Preface: Integrative Medicine: What Is it Good for? xi
Kevin K. Haussler
Integrative Medicine in Equine Practice 445
Kevin K. Haussler
Integrative medicine is based on a model of being proactive and promoting health and wellness, rather than being reactive and solely focusing on episodic disease processes. Integrative medicine incorporates a holistic approach to clinical practice that encourages owner involvement with a focus on individualized care, maintained wellness, optimized performance, and disease prevention. Health promotion and preventative care require a different set of clinical skills and perspectives than is typically provided by a traditional veterinary education. Productive interprofessional collaborations are an essential component to the effective delivery of integrative medicine services.
Integrative Philosophy: Case Management 455
This article serves as an introduction into integrative case management as it applies to the horse’s mental health, pain management, and tissue healing. The integrative philosophy pertains to the combination of conventional Western medicine and complementary and alternative therapies to provide the best patient care possible using currently available evidence. The goal is to improve the health of the patient in a more holistic manner.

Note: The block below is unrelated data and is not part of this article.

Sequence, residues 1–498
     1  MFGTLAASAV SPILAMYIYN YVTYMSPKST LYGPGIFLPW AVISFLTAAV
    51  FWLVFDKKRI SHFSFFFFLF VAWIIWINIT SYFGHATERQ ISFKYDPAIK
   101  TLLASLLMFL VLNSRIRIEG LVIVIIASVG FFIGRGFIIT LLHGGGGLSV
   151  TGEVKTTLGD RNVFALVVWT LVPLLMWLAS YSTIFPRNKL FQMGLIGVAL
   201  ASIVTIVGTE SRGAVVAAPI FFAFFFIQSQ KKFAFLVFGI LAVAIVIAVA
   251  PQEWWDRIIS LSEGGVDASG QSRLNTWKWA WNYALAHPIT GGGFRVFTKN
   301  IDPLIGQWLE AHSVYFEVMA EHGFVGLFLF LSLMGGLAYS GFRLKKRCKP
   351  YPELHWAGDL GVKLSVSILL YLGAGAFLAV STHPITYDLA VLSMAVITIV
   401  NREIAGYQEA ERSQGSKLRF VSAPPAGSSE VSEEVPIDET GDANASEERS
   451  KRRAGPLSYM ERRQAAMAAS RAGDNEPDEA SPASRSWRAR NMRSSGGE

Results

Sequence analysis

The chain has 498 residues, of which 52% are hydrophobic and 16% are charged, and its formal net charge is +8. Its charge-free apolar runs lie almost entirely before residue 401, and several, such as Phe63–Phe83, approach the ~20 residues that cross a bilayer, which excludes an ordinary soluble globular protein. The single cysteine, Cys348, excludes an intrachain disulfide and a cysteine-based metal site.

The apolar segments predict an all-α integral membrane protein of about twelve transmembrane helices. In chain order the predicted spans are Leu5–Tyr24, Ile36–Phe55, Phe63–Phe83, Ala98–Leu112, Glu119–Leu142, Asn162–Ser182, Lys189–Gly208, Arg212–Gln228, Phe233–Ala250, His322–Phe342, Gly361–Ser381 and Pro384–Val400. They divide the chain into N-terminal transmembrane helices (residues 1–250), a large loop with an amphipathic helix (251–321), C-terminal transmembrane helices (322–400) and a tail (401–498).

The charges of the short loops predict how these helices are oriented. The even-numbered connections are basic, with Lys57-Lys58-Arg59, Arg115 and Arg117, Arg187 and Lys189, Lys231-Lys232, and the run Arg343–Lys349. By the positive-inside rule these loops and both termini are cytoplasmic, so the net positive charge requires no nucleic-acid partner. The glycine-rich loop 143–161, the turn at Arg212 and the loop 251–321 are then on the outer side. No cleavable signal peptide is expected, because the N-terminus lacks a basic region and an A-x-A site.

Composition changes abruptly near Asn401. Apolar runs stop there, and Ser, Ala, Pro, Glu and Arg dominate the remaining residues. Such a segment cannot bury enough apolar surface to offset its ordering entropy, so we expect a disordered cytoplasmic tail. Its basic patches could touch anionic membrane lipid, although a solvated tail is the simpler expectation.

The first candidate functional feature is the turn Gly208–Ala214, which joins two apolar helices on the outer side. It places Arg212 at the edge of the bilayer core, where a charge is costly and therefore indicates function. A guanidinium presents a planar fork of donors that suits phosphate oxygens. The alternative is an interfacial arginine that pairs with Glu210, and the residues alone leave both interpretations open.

Optimizing Health – Integrative Medicine & Poor Performance 463
Addressing poor performance issues in horses is a common yet challenging request to veterinarians. Often, there are limited field diagnostic or therapy choices. Growing lay popularity in integrative therapies, as well as increasing clinical incorporation, is creating more awareness of their clinical applications. Many modalities are showing increasing evidence of positive outcomes with minimal harm, but additional safety and efficacy evaluation is needed. Integrative modalities have unique ways of perceiving disease patterns that are different from more modern approaches, and these different perspectives can be used diagnostically and therapeutically either combined with more conventional approaches, or when those approaches fall short.
Preventative Care: Managing the Geriatric Horse with Integrative Therapies 475
Edward Boldt Jr.
Horses 15 years of age and older now account for a significant portion of the equine population. Integrative therapies can provide important diagnostic and treatment tools for managing and maintaining the health of geriatric horses. Aged horses are often afflicted with chronic disease processes that are difficult to effectively manage with conventional medicinal approaches, such as laminitis and osteoarthritis. Diagnostic and therapeutic approaches using integrative therapies, such as acupuncture and spinal manipulation, are presented in this article for managing aged horses with metabolic disorders and musculoskeletal pain, stiffness, or muscle hypertonicity.